Review Summary: Less Howling, more Wowing.
Considering the members that make up Howling Sycamore, you'd be forgiven for thinking that the band's self-titled debut effort this year is one of the most promising and distinguished releases of its kind for quite some time. After all, the project has been put together by, unsurprisingly, Ephel Duath frontman Davide Tiso. It's questionable why he decided to bring in former Watchtower vocalist Jason McMaster for the *ahem* howling
aspect of the band, but then again it makes more sense when you know that Howling Sycamore was always intended to be a band purely focused on avant-garde and progressive extreme metal. What's even more questionable however, is that Tiso apparently hasn't made a metal album in more than 15 years (according to a recent interview regarding this very band).
Well, it certainly doesn't sound like Tiso's absence from being involved with a metal album has taken its toll. From the get-go we're treated to frenzied guitar lines, technical albeit abrasive drum work and quite unique saxophone harmonies, courtesy of Bruce Lamont. McMaster is really the odd one out in this respect, because virtually none
of his vocal delivery fits the otherwise spectacular musicianship that is on offer here. As powerful as songs such as "Upended" and "Let Fall" are, you just can't shake the feeling that what Howling Sycamore needed was a better choice of vocalist. Even the fully acoustic "Chant of Stillness" is rendered more nonsensical than it should be (not in a good way), simply because McMaster adopts an OTT persona. He may believe he's in his element, but considering the style of metal here, it's simply not the case. To be fair, "Obstinate Pace" is more pleasant because McMaster aims for a more driven, harsher vocal style and "Intermezzo" is an instrumental, so there's at least a break from so-so vocal work for the listener to enjoy.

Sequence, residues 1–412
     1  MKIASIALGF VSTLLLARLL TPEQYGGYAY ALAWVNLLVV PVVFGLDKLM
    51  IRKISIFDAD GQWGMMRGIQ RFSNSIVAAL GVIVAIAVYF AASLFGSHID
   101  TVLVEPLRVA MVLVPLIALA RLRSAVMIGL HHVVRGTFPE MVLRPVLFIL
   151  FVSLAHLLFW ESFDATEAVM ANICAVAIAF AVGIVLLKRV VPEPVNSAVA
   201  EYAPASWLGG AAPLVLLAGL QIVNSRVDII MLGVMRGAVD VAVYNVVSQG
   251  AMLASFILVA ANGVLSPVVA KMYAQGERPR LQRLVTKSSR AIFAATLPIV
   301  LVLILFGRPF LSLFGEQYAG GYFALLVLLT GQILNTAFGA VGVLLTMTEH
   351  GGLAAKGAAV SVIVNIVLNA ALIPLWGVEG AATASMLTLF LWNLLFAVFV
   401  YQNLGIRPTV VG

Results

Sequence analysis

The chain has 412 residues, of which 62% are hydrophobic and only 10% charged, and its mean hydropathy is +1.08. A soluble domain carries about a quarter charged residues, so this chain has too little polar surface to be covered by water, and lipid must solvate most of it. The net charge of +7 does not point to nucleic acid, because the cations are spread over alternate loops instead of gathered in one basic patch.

Let's slide away from the obvious inconsistencies then, and focus on just how excellent the musicianship can get. Whilst obviously front-loaded, Howling Sycamore
instrumentally never fails to impress. Of course, you'd have to be one of those fans who appreciates the progressive, experimental noodling of, say, Watchtower, Atheist and latter Gorguts to really get into the musicianship of this particular record, but the variety and quality on offer is pretty much spot on. The saxophone elements in "Upended" and "Obstinate Pace" are perfectly intertwined with frenzied rhythms and prog metal riff work, and the technical, clean acoustic guitar work of "Chant of Stillness" is thoroughly charming. "Midway" demonstrates Tiso's penchant for melancholic, moody compositions but also explores contrasting elements, I.e. the tranquil, calm nature of the saxophone work against the otherwise abrasive, forceful blastbeat-ridden moments. "Descent into Light" demonstrates Hannes Grossman's impeccable technique, flowing beautifully into a song which progresses and progresses until its triumphant, manic ending.
The components of Howling Sycamore
are certainly unique, there's no doubt about that. The instrumentation itself borders on brilliancy at times and really should please those who focus mainly on progressive and/or avant-garde metal, yet those who have heard anything by Watchtower will undoubtedly be challenged because of the very same reasons: that is, McMaster's exaggerated vocal delivery. Perhaps this aspect isn't so much a nuisance as it is an annoyance, a fly one has to swipe away with their hand. Put aside the divisive vocals, and the listener will likely be in for a treat.